UnNews:Man granted immortality speaks out: "Life's a bitch"
23 July 2007
TIMBERLAND, MINNESOTA - The prospect of living forever has been common throughout all history: the legend of the Fountain of Youth, the epic of Gilgamesh, the theory of Strom Thurmond (recently disproven). For centuries it was all thought to be myths and rumors. However, at 7:00 AM on July 6th, Minnesota resident Washington Irving announced to the public that he was, in fact, immortal.
"Yeah, I'm immortal," said Irving, "You don't believe me? Ask any one of my family mem– oh, wait, they're dead. Well, then ask my old friends. Well, only one of them is left. And he's really old so... yeah." Another five minutes passed full of nothing but awkwardly skeptical stares, so Irving gave in to the people's wants by shooting himself in the head.
"There, you happy?" he said whilst putting his head back together, "Doing that really gets old. Oh, oh no don't help me, I've got it under control myself. I swear I've had to put my head back together at least a dozen times. Waterloo, Yorktown, the Wild West, that accident during Stonehenge... the list goes on."
Washington claims it all began on a secluded island off the coast of Great Britain, near Wales. He, the only minority in the whole village of cro-magnon men, escaped from constant bullying from his cruel caveman contemporaries by finding respite in the nearby rock fields, where he one day happened upon a golden sphere he claimed fell out of the sky.
"Being the cro-magnon I was, I ate it; now here I am. Not only did it grant me immortality, but it also made me real smart for the time. I had this great idea of making a campfire with the rocks I used to hide out in, so all of my friends decided to spend a few years moving them to the more scenic land of Wales, where we set up all the stones and had one crazy party we would never forget."
Washington, then named Agrog, headed south when his whole clan cast him out when his children started to use more candles on their own birthday rocks than he did on his own. He kept going until he hit a rather sandy civilization after walking across a great sea, and was promptly enslaved by the Egyptian landlords.
"Did you ever see the movie Forrest Gump?" asked Mr. Irving, "In away I consider myself to be the Forrest Gump of the ages. I was there when Moses parted the Red Sea, I was there when Alexander rode into Damascus, when Forrest Gump spoke at the Washington Memorial. I was even then when that Star Wars Kid guy did all that crazy, famous shit. Let me be the first to tell you that it really didn't appear as pathetic in real life."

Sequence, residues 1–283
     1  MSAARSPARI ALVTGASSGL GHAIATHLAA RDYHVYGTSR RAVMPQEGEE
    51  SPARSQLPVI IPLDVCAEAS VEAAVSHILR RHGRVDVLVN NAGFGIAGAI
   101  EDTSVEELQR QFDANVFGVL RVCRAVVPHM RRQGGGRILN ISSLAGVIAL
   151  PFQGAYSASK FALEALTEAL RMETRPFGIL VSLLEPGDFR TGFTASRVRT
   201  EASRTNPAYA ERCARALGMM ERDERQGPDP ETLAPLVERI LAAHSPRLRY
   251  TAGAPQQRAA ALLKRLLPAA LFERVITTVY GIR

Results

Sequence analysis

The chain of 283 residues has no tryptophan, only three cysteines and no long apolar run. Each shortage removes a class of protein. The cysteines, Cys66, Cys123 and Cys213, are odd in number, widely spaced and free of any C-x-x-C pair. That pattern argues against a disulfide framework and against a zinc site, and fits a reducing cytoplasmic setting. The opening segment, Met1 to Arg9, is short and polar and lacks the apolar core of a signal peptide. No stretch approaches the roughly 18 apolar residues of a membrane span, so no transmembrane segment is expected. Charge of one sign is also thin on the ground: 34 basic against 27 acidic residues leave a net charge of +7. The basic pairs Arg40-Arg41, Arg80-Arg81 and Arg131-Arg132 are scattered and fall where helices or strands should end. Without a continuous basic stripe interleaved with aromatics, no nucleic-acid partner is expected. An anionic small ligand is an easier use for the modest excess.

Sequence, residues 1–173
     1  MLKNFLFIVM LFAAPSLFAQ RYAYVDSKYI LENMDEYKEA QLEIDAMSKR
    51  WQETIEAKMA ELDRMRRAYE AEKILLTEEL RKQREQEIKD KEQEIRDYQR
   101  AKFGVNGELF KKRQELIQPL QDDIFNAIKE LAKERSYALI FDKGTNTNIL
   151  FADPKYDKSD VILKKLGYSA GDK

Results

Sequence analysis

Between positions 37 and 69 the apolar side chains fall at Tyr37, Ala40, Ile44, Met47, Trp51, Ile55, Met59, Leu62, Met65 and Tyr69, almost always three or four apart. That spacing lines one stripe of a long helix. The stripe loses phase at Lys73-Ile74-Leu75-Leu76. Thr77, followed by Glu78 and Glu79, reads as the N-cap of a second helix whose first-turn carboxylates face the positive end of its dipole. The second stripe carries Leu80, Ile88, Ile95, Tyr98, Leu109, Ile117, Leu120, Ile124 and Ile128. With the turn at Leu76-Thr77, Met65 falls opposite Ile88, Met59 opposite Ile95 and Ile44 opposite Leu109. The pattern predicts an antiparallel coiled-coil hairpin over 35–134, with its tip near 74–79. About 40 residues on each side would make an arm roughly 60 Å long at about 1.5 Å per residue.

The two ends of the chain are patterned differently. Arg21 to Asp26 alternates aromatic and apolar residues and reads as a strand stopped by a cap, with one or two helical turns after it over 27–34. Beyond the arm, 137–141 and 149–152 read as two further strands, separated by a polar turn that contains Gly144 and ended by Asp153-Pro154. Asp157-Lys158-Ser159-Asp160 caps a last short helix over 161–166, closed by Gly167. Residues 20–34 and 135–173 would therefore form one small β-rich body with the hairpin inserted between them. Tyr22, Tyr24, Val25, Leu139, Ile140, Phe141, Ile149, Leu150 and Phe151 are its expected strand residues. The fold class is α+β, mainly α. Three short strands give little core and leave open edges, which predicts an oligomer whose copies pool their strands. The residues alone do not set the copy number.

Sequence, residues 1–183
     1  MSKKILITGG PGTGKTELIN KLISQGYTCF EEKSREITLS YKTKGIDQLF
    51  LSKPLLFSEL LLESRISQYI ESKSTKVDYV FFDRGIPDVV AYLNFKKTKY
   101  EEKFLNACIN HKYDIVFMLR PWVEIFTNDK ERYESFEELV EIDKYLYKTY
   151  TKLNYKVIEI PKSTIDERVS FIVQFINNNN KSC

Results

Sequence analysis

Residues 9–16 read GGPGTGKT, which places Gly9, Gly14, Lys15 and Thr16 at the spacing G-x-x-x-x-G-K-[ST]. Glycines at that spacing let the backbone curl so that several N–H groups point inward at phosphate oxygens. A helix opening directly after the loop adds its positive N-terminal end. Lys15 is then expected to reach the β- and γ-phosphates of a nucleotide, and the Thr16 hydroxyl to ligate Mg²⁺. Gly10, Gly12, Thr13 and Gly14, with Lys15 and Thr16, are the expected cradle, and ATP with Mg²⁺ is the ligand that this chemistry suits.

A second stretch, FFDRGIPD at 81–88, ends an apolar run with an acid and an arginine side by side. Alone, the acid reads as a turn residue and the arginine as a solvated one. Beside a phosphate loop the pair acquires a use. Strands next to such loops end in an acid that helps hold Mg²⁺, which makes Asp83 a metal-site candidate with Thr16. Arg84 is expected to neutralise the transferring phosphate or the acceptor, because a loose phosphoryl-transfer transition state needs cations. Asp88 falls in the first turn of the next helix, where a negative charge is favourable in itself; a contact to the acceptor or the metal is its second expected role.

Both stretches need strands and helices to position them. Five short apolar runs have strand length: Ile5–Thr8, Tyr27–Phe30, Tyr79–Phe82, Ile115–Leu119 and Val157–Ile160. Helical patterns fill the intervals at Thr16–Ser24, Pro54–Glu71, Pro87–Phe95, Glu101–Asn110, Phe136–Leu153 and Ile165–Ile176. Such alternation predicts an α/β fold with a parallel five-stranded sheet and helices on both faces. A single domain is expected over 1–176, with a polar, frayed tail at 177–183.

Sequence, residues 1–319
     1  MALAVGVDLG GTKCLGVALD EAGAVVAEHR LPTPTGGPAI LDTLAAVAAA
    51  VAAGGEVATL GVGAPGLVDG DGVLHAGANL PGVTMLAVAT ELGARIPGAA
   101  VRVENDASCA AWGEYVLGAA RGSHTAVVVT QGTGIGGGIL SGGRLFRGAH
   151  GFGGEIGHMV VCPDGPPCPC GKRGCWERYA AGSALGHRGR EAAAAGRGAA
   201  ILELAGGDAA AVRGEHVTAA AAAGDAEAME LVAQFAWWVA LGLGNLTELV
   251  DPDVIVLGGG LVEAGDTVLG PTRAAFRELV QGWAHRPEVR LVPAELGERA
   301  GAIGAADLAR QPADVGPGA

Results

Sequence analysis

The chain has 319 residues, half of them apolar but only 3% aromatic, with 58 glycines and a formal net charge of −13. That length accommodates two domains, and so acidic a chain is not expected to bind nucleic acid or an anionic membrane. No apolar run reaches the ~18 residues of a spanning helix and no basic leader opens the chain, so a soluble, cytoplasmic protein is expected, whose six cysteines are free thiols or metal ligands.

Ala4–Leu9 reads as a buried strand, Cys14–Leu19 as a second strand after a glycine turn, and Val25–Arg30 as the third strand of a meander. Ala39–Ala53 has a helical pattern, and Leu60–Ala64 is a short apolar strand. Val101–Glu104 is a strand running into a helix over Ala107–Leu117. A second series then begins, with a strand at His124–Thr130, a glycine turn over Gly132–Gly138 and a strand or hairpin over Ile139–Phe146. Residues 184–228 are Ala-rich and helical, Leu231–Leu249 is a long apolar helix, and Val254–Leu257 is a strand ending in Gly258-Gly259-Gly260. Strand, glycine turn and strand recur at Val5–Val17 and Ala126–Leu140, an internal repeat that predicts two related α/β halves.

Despite playing a role in such important pieces of history, Washington still felt ostracized and alone. Some people discovered his immortality during the 1600s, and his quiet and almost hermetic life in Salem, Massachusetts was violently cut short.
"They threw me into the river nearby to see if I was a witch. They thought I was dead because of such the long time I was floating upside down, but I was just playing solitaire in my head. That usually gets me through lots of tight scenarios, and believe me, when you're immortal, you get a lot of them."
Washington, who has had over 350 children in his lifetime, said that he stopped getting attached to his kids after the thirty-fifth. He believes that it was for the best, since everyone in his lineage seems to have bad luck.
"I stopped caring about them, but that doesn't mean I didn't keep track of them. It turns out that I am partially responsible for Genghis Khan, Hitler, Sergei Rachmaninoff, and the 1976 Philadelphia Flyers."
The thing that kills him the most (pun extremely intended), though, is the everlasting boredom. According to his philosophy, once you've seen the whole world, there seriously isn't much else to see at all.
"I've picnicked on the peak of Everest and body-surfed the whole way down; I'm even the only person to date to play Russian roulette and lose to brag about it, too. There's only so many ways that one could exploit their immortality, however. It gets boring, you know?" He admits to have never been on Antarctica, though, and aspires to go there before it's all gone.
"Normally I wouldn't have much interest, penguins are truly the most boring of all species, but seeming as there's nothing else to do until the world is gone, I might as well kill some time there."
Contrary to what most people would think, Mr. Irving actually looks forward to the end of the world. According to him, floating around for eons going to new places and meeting new people seems more fun than talking with penguins.
Concludes Mr. Irving: "Well, there's still one boon of all this immortality. Autoerotic asphyxiation is always foolproof."
- He would change his name over fifty more times throughout history, which he said was admittedly difficult when cashing frequent flyer miles.
- Washington never understood why people never wanted to go camping on the bottom of the Mediterranean until several decades later.